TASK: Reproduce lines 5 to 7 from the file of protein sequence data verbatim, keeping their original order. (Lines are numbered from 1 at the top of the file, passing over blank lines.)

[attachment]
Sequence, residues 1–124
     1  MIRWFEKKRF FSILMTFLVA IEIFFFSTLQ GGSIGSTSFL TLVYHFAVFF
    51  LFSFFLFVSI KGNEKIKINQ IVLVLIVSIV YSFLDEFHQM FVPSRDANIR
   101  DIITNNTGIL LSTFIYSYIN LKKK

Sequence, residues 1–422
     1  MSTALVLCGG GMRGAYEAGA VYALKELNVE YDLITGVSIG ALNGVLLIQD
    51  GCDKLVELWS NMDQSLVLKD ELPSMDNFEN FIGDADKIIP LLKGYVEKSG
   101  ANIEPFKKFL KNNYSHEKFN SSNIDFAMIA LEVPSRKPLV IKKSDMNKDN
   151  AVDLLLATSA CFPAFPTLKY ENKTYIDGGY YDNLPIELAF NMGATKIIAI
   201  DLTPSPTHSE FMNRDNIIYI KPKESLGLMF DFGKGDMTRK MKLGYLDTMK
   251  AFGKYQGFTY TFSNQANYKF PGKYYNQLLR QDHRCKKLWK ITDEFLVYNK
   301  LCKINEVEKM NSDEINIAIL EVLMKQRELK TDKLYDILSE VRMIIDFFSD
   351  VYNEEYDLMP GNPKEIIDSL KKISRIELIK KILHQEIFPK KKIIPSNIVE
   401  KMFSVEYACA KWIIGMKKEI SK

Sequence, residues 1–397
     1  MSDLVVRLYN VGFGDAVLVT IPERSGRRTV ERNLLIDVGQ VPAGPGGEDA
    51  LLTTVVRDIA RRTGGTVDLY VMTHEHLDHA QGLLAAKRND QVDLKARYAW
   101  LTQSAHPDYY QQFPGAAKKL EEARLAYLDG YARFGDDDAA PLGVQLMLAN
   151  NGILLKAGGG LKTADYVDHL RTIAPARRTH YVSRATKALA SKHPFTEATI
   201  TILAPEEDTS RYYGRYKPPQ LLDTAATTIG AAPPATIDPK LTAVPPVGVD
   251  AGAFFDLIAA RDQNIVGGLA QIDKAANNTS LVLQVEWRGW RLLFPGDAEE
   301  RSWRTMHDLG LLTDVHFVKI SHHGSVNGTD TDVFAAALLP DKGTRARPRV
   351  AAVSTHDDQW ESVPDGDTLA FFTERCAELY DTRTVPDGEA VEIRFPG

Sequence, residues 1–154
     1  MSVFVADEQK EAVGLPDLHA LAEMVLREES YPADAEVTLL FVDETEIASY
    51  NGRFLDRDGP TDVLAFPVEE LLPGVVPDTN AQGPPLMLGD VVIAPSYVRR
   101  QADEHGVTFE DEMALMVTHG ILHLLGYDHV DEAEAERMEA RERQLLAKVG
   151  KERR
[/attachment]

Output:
Sequence, residues 1–422
     1  MSTALVLCGG GMRGAYEAGA VYALKELNVE YDLITGVSIG ALNGVLLIQD
    51  GCDKLVELWS NMDQSLVLKD ELPSMDNFEN FIGDADKIIP LLKGYVEKSG